funny thing, I decided to break out my dad's typewriter he got when he graduated from med. school. he hasn't used it in years(like, before I was born was the last time honestly).

just finished writing my report on it the other day. it felt good to do that. you really feel that you're doing something permanent, cause editing causes you to have to re-write the entire page, not just click-edit like in word.

my teach asked me if I did, since the typewriter left indentations where the letterhead struck the paper. he was mystified as to why I did. told him I just felt like it.

sometimes life takes some wackiness and 'backwardness' to make it fun, and livable at times...

I've found that actually WRITING a letter to someone lets you convey more than if you were to type it. more personal, not neat and composed like a word document on a screen. raw, fresh and they see what YOU ACTUALLY WROTE.

-Dan
« Last Edit: November 18, 2009, 10:56:40 PM by DanielStone » Logged
cyberean
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« Reply #45 on: November 18, 2009, 11:35:47 PM »
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Quote from: SecondFocus
I also actually write, and with a pencil
perhaps when you feel more confident,
you'll switch to ink ... eh  
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cyberean
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« Reply #46 on: November 18, 2009, 11:44:02 PM »
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Quote from: DanielStone
my teach asked me if I did, since the typewriter left indentations where the letterhead struck the paper. he was mystified as to why I did. told him I just felt like it.

sometimes life takes some wackiness and 'backwardness' to make it fun, and livable at times...
as an encore ... for your next report, whip out a quill pen,
an inkwell, and some parchment paper ... and fill us in on
the ensuing conversation with the teach.    
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TMARK
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« Reply #47 on: November 19, 2009, 12:45:50 AM »
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Quote from: jsch
For a personal project I wanted that special fall of of sharpness I remembered. I tried the Canon 85L@1.2, the Canon 50L@1.2 and tilted the TS-E 45 for the effect; I even tried the Hasselblad 100@2.2. The results were good but not honey for the eyes. This year in early summer I bought a box of 8x10 inch BW film and put a Schneider Symmar S 360/5.6 on - wonderful results. Now I use film again if I want that effect. There will never be a 8x10 inch sensor (I think) but there is still 8x10 inch film - and I hope in the future too.

To be clear: sharpness, resolution is not the point, but the way the sharpness fades out is not possible with smaller formats - not even 4x5 inch.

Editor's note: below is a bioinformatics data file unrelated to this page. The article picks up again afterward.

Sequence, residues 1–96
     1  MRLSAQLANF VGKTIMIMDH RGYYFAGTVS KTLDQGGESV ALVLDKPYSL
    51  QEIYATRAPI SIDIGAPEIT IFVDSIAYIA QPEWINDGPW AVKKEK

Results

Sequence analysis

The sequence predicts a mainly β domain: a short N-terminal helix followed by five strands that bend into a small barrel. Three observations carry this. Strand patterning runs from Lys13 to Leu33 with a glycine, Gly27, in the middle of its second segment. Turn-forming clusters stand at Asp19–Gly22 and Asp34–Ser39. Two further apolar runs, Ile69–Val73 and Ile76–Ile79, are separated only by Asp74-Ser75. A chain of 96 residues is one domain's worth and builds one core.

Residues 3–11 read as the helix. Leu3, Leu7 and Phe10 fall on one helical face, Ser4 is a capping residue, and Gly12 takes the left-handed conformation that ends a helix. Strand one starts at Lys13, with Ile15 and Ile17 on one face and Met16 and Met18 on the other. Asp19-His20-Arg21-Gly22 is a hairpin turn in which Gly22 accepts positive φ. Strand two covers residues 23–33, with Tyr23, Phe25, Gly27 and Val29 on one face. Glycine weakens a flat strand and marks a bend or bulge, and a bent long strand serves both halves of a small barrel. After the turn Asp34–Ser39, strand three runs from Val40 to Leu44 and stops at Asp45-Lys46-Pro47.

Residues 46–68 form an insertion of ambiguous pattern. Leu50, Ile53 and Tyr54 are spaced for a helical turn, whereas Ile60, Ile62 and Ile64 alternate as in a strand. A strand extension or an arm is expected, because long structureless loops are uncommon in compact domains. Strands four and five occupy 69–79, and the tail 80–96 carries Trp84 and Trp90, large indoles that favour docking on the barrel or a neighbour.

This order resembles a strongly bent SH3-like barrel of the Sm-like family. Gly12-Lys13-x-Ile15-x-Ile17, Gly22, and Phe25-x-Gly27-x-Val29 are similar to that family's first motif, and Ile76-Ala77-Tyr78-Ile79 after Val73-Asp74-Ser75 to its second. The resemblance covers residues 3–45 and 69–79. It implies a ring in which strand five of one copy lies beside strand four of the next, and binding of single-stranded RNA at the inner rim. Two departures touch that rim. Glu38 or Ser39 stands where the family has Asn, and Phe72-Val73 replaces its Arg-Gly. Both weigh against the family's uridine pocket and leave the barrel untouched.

Googling around lead me to the article about Douglas Kirkland (http://www.digitalphotopro.com/profiles/do...-and-back.html) and the Blog of Mark Tucker   (http://marktucker.wordpress.com/2009/05/18/deardorff/). I learned that I'm not alone.

Best,
Johannes

My experience exactly.  I shoot editorials on film almost exclusively.  Now that my commercial work is mainly motion I mainly shoot stills adjunct to the motion shoot.  I really only need a few hero shots, so generally I can use whatever format I want, so long as the style of the stills complements and supports the style/mood of the film/video/commercial, etc.  I find that Portra 800 through the RZ is fantastic for HMI lit sets.

To the OP, please take this as just another opinion, and I mean it with no disrespect: keep your film stuff and shoot it, but make sure its not a fetish, like using the old typewriter.  I have an assistant who makes music boxes that play the sadest most discordant maudlin lilluibys I've ever heard, uses a Selectric, and otherwise only shoots cameras made prior to 1985.  He's a Romantic who is busy mourning the past, busy fetishizing, like a Wes Anderson charachter.  I love the guy, but he is standing in his own way.  I don't like the digital much either, I much prefer the final product from LF and 6x7 film, but film is dead commercially, although its alive and well in art and editorial.  My advice would be to get a D3x instead of the Leaf Aptus II and rent a back if and when you need it.  Meanwhile, shoot your book on film and love the look.

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Rob C
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« Reply #48 on: November 19, 2009, 02:54:38 AM »
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Quote from: Nick Walker
Quote Rob C

In that case you will never get it 'right' without additional lighting or the sacrifice of one end of the scale or the other. Black and white film is limited too, but not nearly as badly.


Rob,